Sat, Apr 18, 2015 - Page 9 News List

The mutual misunderstandings at the heart of US-China ties

While Beijing has its work cut out battling free speech, dissent and corruption, the US is focusing on innovation to once again become the workshop of the world

By Thomas Friedman  /  NY Times News Service, New York

While US-Iran relations are taking up all the oxygen in the room these days, and they are vitally important for the future of the Middle East, US-China relations are vitally important for the world — and there is more going on there than meets the eye. The concept of “one country, two systems” was invented to describe the relationship between Hong Kong and China.

However here is the truth: The US and Chinese economies and futures today are now totally intertwined, so much so that they are the real “one country-two systems” to watch. After recently attending the Boao Forum for Asia on China’s southern Hainan Island, and hearing Chinese President Xi Jinping (習近平) speak, what is striking is how much each side in this relationship currently seems to be asking the other, “What’s up with you?”

Both countries almost take for granted the ties that bind them today: the US$600 billion in annual bilateral trade; the 275,000 Chinese studying in the US and the 25,000 US citizens studying in China; the fact that China is now the US’ largest agricultural market and the largest foreign holder of US debt; and the fact that last year Chinese investment in the US for the first time exceeded US investment in China.

However, dig underneath and you find these two systems increasingly baffled by the other. Chinese officials still have not gotten over their profound shock at how the US — a country they took as an economic model and the place where many of them learned capitalism — could have become so reckless as to trigger the 2008 global subprime mortgage crisis, which started the trope in China that the US is a superpower in decline.

Chinese officials were also baffled by an effort by US President Barack Obama’s administration to resist China’s establishment of the Asian Infrastructure Investment Bank, by lobbying the US’ biggest economic allies — South Korea, Australia, France, Germany, Italy and Britain — not to join. While US Secretary of the Treasury Jack Lew kept saying publicly, and responsibly, that the only concern of the US was that the bank operate by international standards, other Obama officials actively pressed US allies to stay out.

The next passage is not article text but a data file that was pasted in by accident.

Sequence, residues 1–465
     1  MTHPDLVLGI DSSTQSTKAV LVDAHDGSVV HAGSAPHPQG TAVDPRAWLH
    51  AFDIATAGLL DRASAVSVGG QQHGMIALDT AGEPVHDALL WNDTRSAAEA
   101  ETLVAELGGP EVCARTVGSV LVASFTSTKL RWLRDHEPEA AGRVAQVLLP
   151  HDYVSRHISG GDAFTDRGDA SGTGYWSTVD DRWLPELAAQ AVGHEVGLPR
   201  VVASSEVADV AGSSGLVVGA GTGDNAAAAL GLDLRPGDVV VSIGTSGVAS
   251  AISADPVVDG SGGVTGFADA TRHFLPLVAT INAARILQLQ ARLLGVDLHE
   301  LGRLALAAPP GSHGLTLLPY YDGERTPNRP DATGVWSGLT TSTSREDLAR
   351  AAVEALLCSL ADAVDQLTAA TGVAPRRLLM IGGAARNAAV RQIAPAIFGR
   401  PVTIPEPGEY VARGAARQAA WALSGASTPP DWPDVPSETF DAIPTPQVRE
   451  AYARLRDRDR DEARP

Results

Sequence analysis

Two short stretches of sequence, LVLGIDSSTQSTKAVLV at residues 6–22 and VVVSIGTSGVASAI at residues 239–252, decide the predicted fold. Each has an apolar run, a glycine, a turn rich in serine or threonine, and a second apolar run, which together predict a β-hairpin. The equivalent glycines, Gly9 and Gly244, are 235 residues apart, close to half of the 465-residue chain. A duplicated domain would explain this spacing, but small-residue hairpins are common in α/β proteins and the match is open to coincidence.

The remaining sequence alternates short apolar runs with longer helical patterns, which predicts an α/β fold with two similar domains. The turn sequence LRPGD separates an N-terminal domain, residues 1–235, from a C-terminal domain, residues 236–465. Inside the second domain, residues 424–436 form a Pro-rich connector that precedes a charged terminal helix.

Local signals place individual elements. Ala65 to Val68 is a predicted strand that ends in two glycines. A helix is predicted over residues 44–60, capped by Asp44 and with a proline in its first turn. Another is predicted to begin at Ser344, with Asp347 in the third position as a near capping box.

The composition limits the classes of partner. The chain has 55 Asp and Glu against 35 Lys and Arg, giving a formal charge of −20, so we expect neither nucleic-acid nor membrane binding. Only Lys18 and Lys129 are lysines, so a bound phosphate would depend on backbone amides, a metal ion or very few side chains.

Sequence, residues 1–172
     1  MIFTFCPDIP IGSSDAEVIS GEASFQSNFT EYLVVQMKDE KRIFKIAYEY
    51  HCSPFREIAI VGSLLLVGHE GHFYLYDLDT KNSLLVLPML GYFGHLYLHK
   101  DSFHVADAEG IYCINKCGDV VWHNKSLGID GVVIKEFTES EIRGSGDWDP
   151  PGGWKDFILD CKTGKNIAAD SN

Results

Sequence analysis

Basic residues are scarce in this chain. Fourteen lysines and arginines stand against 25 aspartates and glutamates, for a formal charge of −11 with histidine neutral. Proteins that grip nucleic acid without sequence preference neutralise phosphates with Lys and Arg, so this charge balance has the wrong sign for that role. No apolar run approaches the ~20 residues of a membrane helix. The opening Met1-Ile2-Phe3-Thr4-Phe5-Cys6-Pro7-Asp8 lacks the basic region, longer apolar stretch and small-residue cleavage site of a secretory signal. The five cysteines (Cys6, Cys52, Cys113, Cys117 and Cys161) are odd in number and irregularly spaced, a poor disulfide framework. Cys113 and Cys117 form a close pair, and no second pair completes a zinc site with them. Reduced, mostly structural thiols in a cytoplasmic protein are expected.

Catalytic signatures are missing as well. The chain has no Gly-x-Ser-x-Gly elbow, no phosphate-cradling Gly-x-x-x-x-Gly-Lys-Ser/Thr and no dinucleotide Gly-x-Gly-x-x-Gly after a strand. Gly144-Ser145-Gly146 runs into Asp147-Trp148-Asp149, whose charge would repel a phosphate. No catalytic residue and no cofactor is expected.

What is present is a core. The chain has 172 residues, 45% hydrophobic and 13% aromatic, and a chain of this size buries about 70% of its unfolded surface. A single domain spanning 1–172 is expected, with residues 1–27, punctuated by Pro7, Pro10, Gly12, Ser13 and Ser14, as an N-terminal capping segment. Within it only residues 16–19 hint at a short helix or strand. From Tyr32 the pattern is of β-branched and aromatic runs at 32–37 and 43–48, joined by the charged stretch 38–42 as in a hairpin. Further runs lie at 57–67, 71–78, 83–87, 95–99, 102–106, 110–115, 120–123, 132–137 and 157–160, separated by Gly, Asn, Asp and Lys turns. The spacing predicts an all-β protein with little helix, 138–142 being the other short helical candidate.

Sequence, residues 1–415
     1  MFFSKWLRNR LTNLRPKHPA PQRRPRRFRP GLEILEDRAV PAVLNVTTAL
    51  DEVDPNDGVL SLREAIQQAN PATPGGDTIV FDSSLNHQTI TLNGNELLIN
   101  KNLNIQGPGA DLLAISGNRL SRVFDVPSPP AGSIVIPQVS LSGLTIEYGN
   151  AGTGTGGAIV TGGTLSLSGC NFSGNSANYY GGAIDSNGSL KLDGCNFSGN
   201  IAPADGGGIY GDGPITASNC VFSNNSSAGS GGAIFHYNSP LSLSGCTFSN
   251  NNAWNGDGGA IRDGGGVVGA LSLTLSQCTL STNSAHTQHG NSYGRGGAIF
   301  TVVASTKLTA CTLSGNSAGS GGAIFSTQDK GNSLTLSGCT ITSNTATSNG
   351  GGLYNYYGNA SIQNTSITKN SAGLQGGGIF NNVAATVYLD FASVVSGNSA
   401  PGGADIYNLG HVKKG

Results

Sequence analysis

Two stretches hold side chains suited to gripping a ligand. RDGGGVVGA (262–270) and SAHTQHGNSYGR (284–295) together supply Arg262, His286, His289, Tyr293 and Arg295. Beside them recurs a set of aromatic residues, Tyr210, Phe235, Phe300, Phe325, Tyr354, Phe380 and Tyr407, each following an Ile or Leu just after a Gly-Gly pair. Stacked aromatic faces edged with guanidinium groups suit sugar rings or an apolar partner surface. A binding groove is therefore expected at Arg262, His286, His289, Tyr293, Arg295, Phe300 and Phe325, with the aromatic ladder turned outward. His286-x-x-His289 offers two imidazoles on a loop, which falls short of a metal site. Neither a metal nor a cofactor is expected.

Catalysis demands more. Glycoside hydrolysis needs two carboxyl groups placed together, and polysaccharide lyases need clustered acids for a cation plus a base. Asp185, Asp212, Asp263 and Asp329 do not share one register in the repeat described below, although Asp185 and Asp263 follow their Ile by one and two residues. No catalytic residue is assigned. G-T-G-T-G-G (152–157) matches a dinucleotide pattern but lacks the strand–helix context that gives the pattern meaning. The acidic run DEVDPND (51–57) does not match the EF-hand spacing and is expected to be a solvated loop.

Except for Japan, they all snubbed Washington and joined the Chinese-led bank. The whole episode only empowered Beijing hardliners who argue that the US just wants to keep China down and cannot really accommodate it as a stakeholder.

Americans, though, are asking of Xi: “What’s up with you?”

Xi’s anti-corruption campaign is clearly aimed at stifling the biggest threat to any one-party system: Losing its legitimacy because of rampant corruption. However, he also seems to be taking out potential political rivals as well. Xi has taken more control over the military, economic and political levers of power in China than any leader since Mao, but to what end — to reform or to stay the same?

Xi is “amassing power to maintain the [Chinese] Communist Party’s supremacy,” said Willy Wo-Lap Lam (林和立), the author of Chinese Politics in the Era of Xi Jinping: Renaissance, Reform or Retrogression? Xi “believes one reason behind the Soviet Union’s collapse is that the party lost control of the army and the economy.”

However, Xi seems to be more focused on how the Soviet Union collapsed than how the US succeeded, and that is not good. His crackdown has not only been on corruption, which is freezing a lot of officials from making any big decisions, but on even the mildest forms of dissent. Foreign textbooks used by universities are being censored, and blogging and searching on China’s main Internet sites have never been more controlled. Do not even think about using Google in China or reading Western newspapers online.

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